Socket activation for root
As explained in last month’s report, systemd’s socket activation should be disabled for the root user’s PulseAudio service. I made a patch for that. It took three iterations, with three different approaches, because the first two (ConditionPathIsReadWrite and ConditionCapability) didn’t work as first imagined. In the end I had to use ExecStartPre to run a command that checks whether we’re root. That’s not ideal, because now the socket unit goes into “failed” state with error messages in the syslog/journal, which may make people think that things aren’t working as they should, but that’s the best solution we could come up with. Felipe Sateler submitted a feature request for systemd to add a better way to make units conditional based on the current user.
Build problem with clang
It turned out that the 10.0 release can’t be built with clang. I made a fix for that, and Arun modified our Travis configuration so that builds are also tested with clang, so a similar problem shouldn’t happen any more in the future.
I reviewed Wim Tayman’s work on adding access control infrastructure for limiting the range of things sandboxed applications can do in PulseAudio. It’s not yet merged (it was kind of prototype-ish code anyway). Wim has updated the code, and it’s now waiting for another review round.
Improving default device selection
Back in September I made patches for improving the default device handling: among the fixed issues were that a device that is not plugged in (e.g. headphones) could be made the default device when better options exist, and at least the D-Bus interface didn’t always send update signals when the default device changes. Now I got the patches reviewed, and based on the feedback, I submitted the second version of the patch set. The second version turned out to cause crashing in module-dbus-protocol, so I had to make yet another version of the patches. The third version is now waiting for review.
Georg Chini submitted a new version of his module-loopback patch set that among other things fixes the initial latency of the loopback. Previously the initial latency could be much too low or much too large depending on circumstances, and while the module did eventually adjust the buffered amount of audio to match the requested latency, that was a slow process. The patch set is pretty large. I started reviewing it (and the biggest latency issues should now be fixed in git master), but there’s a lot more to be reviewed.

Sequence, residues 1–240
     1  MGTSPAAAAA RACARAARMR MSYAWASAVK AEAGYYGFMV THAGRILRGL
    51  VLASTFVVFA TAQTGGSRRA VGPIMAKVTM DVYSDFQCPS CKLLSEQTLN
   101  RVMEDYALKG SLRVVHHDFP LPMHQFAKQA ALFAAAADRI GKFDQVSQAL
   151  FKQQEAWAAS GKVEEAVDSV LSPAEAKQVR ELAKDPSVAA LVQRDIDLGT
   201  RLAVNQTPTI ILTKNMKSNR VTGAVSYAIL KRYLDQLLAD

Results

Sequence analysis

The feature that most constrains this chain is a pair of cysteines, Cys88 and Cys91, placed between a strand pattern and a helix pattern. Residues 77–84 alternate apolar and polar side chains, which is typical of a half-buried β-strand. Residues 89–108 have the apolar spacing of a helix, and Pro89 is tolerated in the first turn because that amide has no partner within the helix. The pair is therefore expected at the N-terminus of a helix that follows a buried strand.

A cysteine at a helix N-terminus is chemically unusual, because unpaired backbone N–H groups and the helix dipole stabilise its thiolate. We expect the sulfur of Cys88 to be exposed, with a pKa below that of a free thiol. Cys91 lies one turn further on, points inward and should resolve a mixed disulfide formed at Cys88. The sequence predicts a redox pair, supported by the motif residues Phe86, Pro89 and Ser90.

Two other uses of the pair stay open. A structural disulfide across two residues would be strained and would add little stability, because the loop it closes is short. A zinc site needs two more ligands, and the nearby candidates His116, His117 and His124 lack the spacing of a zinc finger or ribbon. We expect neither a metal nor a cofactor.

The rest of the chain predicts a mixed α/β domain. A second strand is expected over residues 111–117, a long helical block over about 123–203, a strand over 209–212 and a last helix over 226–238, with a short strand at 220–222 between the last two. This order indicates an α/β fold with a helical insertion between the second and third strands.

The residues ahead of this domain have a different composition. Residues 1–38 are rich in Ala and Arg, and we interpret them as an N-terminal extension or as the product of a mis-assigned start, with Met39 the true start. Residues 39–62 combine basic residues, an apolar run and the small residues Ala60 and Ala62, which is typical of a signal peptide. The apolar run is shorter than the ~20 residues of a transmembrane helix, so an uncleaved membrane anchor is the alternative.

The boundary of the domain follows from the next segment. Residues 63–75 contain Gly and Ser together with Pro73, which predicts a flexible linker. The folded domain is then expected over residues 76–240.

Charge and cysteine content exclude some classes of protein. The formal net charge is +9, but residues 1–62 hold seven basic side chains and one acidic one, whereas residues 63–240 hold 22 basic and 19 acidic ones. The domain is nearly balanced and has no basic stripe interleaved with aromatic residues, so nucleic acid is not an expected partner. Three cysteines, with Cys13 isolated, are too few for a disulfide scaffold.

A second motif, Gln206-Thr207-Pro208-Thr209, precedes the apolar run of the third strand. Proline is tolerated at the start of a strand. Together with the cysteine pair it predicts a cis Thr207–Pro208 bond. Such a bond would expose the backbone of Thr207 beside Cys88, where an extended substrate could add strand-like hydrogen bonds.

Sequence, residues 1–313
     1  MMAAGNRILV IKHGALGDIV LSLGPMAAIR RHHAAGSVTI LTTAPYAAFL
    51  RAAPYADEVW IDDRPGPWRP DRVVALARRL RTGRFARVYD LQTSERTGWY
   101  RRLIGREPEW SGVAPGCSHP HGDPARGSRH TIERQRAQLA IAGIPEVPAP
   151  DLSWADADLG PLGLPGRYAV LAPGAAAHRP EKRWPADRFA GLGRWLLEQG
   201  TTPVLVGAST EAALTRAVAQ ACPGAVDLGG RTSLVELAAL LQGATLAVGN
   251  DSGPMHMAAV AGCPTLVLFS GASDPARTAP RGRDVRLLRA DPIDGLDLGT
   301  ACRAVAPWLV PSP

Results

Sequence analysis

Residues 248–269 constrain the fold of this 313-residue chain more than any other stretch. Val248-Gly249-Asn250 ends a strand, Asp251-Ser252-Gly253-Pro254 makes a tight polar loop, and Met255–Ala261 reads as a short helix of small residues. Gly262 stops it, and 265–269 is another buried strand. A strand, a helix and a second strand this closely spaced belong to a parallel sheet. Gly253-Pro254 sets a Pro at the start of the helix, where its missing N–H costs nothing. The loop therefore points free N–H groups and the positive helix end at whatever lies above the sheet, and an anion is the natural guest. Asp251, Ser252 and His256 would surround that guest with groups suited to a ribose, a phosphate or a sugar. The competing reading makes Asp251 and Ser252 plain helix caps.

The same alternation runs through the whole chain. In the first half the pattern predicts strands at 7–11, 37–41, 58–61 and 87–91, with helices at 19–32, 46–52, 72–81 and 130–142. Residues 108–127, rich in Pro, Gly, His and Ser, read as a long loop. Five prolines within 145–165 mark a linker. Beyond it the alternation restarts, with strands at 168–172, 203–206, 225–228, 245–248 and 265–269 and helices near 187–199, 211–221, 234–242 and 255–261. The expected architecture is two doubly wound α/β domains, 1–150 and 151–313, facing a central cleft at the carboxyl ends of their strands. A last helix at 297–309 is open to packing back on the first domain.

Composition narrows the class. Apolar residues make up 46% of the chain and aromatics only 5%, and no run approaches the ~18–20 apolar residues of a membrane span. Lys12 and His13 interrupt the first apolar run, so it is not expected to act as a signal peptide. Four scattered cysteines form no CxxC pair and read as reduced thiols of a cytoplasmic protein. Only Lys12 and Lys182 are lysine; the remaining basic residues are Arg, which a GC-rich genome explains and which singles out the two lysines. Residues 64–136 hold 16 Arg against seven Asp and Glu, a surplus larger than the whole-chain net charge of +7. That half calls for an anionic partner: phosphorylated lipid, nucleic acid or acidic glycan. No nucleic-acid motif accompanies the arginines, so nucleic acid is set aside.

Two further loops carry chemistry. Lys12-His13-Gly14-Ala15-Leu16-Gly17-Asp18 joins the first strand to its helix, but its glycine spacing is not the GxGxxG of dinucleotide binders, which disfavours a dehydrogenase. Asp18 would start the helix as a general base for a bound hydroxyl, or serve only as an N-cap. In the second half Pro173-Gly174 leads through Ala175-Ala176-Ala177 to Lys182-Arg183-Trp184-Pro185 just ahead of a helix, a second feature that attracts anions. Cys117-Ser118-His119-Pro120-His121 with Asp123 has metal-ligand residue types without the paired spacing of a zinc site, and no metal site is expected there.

I updated the alsa-lib recipe to the newest upstream release.
I started to look into upstreaming the patches that OpenEmbedded has for alsa-tools. At least one of them seemed trivial. I planned to apply it on a fresh clone of the upstream alsa-tools git repository, and test that it builds (just a routine test – it’s actually obvious to see that the patch can’t cause build problems). It turned out that building alsa-tools is a pain. All the tools are separated in their own build systems, but they also have some dependencies on each other. Running “make” at the top level tries to build everything, but the dependencies are handled in a way that doesn’t work out of the box, and one tool also depends on Qt3, which is deprecated and not available in current distributions any more. I pondered a bit whether I should try to make the build system more sane so that “make” at the top level could actually be expected to work, but I don’t think I’ll spend time on that. I believe the problematic tools are used by very few people, so it’s not really worth the effort to make all of them work. I’ll just patch out some of the tools (like OpenEmbedded and other distributions do also) to be able to build the parts that I’m interested in.
Ross Burton reported that the pulseaudio recipe had started producing warnings about text relocations. It seems that something in Ross’s local configuration triggers the problem, because I couldn’t reproduce it with the default configuration. It seems likely that there’s some bug in PulseAudio, but it remains a mystery how to trigger the bug.
This post was originally written on 2017-03-02, and first made available to my Patreon supporters. Speaking of Patreon – I’m using crowdfunding in an attempt to make it financially sustainable to continue my volunteer work as a PulseAudio maintainer. If you’d like to help, check out my Patreon page.